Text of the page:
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Transition to Adulthood

The Big Picture

What Does It Mean to Age Out?

Ages for Aging Out Vary by System

Aging out is a term that is used in the context of services for children and youth. Most services and programs that are publically funded have age “ceilings,” meaning you cannot be in the program past a certain age.

Even if the program still meets your current needs, when you reach that age, you automatically “age out” and will be required to move on, whether or not you wish to or are ready for it.

What does Aging Out Mean?

Aging Out/Planning

Aging out scenarios, if they are not planned for, can turn into a crisis. To avoid this, many service systems have developed requirements for advance planning concerning what will happen when person reaches the point when they will age out and no longer be able to access the same services .

When do I Become an Adult?

People mature at different ages, but states must draw the line somewhere. New York's legal ages laws, for instance, establish an "age of majority" of 18 at which an individual is legally considered an adult. Minors in New York may consent to medical treatment if they are married, a parent of a child patient, or in an emergency.

While New York does not provide a formal procedure for the emancipation of minors, the court may grant a minor's request for emancipation in some rare instances. Generally, a New York court may consider a minor emancipated if he or she is:

  • At least 16;
  • Living separately from the parents;
  • Not relying on parents for living expenses; and
  • Able to manage his or her financial affairs.

At what age does a person “age out” of children’s services?

There is no simple, single answer to this question. The line between children and adult services is drawn differently depending on the service system. For some programs and services, the transition occurs at age 18 and for others at 21. The key to successful transitions is planning. Below are some important planning activities:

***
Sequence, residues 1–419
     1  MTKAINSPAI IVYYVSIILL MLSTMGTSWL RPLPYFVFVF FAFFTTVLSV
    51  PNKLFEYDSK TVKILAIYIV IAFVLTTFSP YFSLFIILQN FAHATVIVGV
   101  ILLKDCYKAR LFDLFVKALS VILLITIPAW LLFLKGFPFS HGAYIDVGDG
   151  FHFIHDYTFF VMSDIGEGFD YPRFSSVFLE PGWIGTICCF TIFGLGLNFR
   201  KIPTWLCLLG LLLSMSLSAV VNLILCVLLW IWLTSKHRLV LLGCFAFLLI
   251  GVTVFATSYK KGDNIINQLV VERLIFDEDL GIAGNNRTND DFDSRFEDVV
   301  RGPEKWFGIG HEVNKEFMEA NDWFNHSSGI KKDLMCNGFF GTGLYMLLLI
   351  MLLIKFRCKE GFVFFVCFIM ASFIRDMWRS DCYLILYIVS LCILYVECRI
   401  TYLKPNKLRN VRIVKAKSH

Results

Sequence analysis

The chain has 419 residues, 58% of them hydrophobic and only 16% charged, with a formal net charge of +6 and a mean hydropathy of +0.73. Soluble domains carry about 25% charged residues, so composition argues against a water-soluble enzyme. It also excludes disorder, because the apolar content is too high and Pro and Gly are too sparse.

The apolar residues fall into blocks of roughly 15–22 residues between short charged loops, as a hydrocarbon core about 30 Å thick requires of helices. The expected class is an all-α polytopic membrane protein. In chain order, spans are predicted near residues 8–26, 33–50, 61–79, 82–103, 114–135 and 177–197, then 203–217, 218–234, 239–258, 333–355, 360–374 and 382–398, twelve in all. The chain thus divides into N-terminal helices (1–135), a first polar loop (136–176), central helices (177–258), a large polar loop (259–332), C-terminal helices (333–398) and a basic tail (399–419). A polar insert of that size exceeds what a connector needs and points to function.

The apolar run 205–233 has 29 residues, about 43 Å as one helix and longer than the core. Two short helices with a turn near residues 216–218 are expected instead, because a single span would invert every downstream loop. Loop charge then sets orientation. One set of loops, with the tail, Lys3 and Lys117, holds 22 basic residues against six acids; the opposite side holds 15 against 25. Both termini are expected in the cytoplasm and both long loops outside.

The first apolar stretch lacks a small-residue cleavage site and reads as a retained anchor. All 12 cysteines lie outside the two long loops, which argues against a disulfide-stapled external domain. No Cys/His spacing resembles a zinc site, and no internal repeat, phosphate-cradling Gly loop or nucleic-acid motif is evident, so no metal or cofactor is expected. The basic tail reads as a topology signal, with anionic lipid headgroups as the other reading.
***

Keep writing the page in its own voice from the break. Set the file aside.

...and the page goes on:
No Later than Age 16

  • Identify vocational interests and skills that you can use in a career. (Check out our employment information pack.)
  • Include activities such as career exploration, job sampling, visit Vo-Tech and some job training when possible.
  • Begin to identify community services that provide job training placement and other community resources.
  • Consider summer employment or volunteer experiences.
  • Obtain working papers from your school.
  • Participate in school clubs and activities.

Age 17 - Age 18

  • Continue to update your transition plan.
  • Visit colleges/career training schools. Talk to developmental disability services offices as well. (Check out our education information pack.)
  • Register with college disability services office by the end of your senior year.

Age 18

  • If you are male, you need to register with the Selective Service (You can do this at the U.S. Post Office).
  • Register to vote at any of these places.
  • Learn about your health insurance (private or Medicaid).
  • Apply for or re-certify yourself for Social Security benefits.
  • Think about and make plans for where you will live as an adult. (Check out our housing information pack.)


Developed by the Council on Children and Families and Funded by the Developmental Disabilities Planning Council